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SV still talking water, sewer

Published: Wednesday, March 20, 2013 4:14 p.m. CDT • Updated: Wednesday, March 20, 2013 5:09 p.m. CDT

SPRING VALLEY — It was water, water everywhere at the Spring Valley City Council meeting Monday night as alderman discussed several projects at the wastewater treatment plant and sewer system.

The sewer system will be getting quite the overhaul with plans for work at many of the city’s interceptor sites. The city has to meet with the U.S. Army Corps of Engineers about floodplain issues and with the railroad for easement problems.

“For the majority of it, we’ll need an agreement and a written understanding,” engineer Larry Good of Chamlin and Associates said.

There are several spots where the sewer system is too near or directly in the railroad right of way, making it difficult for workers to create access points. The council did approve bulldozer and tree removal work for areas not impacted by the flood plain and railroad issues, and to resume work once the city has hammered out an agreement.

Tree removal work is not to exceed $19,000, and bulldozer work is not to exceed $18,000.

Water and Sewer Committee Chairman Tom Nesti said if everything goes according to plan, the city’s sewer interceptor work could be completed by Dec. 31, 2014.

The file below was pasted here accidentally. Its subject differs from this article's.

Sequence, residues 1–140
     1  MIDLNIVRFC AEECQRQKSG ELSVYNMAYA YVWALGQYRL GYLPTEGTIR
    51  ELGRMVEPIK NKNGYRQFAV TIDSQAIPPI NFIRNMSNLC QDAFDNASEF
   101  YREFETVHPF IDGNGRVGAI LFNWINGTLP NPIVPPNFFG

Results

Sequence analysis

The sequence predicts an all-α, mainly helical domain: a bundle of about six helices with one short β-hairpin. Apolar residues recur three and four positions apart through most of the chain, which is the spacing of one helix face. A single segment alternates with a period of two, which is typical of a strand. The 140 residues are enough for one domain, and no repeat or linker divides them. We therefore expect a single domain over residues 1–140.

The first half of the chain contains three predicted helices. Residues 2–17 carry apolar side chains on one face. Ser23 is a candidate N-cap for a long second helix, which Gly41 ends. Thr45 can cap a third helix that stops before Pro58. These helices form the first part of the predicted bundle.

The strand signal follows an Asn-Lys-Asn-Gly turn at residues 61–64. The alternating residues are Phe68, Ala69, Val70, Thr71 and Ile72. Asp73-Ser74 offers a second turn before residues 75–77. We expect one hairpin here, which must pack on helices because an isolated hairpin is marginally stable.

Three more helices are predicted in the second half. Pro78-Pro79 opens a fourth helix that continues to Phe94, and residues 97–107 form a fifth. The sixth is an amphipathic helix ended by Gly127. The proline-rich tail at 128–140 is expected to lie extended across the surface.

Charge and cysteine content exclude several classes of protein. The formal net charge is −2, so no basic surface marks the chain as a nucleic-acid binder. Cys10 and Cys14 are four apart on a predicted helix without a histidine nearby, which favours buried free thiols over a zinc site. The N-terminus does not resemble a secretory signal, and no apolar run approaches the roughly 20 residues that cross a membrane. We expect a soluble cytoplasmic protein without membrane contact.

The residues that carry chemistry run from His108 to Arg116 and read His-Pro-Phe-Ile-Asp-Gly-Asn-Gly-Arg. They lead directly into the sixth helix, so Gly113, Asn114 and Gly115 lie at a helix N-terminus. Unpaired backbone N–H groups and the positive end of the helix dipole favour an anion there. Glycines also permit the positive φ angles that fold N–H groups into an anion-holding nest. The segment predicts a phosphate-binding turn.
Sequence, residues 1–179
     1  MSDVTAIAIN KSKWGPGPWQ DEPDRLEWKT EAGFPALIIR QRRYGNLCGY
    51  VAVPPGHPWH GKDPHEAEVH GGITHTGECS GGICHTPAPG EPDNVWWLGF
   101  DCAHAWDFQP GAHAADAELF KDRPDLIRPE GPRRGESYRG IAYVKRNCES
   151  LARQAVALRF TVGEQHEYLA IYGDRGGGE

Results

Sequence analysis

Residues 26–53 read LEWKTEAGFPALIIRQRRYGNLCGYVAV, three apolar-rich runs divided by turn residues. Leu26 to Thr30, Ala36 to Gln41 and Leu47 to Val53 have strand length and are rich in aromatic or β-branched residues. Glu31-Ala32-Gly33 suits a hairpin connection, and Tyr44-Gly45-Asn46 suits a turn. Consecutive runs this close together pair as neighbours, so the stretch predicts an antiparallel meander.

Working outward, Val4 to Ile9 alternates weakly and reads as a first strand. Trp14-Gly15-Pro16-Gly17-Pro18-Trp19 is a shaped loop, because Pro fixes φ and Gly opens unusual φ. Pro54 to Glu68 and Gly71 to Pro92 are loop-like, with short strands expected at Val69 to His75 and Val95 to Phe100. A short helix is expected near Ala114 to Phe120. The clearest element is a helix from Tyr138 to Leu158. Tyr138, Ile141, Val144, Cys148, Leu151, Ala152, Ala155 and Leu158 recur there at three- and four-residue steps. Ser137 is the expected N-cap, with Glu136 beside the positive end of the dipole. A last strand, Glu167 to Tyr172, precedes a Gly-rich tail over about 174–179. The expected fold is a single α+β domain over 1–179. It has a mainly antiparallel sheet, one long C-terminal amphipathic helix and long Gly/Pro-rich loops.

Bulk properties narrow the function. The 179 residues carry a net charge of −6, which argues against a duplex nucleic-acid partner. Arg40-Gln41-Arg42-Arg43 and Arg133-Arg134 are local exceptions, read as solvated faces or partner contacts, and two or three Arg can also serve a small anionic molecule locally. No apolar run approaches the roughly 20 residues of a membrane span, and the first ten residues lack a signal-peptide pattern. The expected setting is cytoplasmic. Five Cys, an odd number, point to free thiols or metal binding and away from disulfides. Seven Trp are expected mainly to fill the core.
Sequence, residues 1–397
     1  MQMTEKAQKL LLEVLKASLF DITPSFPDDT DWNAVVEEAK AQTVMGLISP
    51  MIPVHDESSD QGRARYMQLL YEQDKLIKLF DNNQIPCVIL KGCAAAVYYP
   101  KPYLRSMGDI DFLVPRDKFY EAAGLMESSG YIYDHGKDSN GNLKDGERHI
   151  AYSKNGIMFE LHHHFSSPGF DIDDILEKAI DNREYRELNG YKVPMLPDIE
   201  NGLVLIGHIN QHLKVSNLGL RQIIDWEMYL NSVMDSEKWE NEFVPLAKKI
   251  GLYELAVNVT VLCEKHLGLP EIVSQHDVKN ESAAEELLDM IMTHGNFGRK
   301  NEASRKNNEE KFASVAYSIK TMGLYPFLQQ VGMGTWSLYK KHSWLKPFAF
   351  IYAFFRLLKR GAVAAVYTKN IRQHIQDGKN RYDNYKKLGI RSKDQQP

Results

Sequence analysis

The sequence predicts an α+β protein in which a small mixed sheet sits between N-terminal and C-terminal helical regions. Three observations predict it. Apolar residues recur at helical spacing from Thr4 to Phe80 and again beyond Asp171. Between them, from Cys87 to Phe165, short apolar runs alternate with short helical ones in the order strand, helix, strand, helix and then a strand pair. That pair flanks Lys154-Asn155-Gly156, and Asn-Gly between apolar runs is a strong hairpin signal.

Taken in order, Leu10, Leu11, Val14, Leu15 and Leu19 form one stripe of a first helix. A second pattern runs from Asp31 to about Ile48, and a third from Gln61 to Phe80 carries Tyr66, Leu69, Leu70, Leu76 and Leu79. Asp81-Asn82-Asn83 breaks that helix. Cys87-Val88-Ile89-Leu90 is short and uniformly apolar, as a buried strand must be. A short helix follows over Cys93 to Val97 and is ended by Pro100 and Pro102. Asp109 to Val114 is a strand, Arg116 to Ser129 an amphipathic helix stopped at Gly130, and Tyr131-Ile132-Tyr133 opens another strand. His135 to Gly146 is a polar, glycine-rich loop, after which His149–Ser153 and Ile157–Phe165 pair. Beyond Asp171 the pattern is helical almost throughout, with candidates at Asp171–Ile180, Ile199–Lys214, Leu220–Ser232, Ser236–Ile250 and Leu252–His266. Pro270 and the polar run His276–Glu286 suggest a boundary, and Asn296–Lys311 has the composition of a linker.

The wastewater treatment plant work is continuing, and the council approved a pre-application of an Illinois Environmental Protection Agency revolving loan assistance program. City engineer Jack Kusek said the city doesn’t have to use the program, but not submitting a pre-application would make it difficult for the city to take advantage of the program, if needed.

“It doesn’t obligate the city to anything,” Kusek said.

Kusek said it is also looking into an energy grant that could net the city $50,000 to $500,000 in funding, but only if the project decreases energy use by 20 percent.

In other business:

• Council members approved an ordinance authorizing the approval of agreements related to the option to purchase of the former Bassick site. Sullivan’s Foods has been interested in building a supermarket on the site. The ordinance gives the grocery chain the option to buy and refund the city $40,000 in fees pertaining to the property. If Sullivan’s Foods doesn’t buy the property, the city will not get the $40,000 back, but it will also not hold title on the property.

• The council also passed an ordinance prohibiting the use of groundwater near the Bassick property to be used as drinking water.

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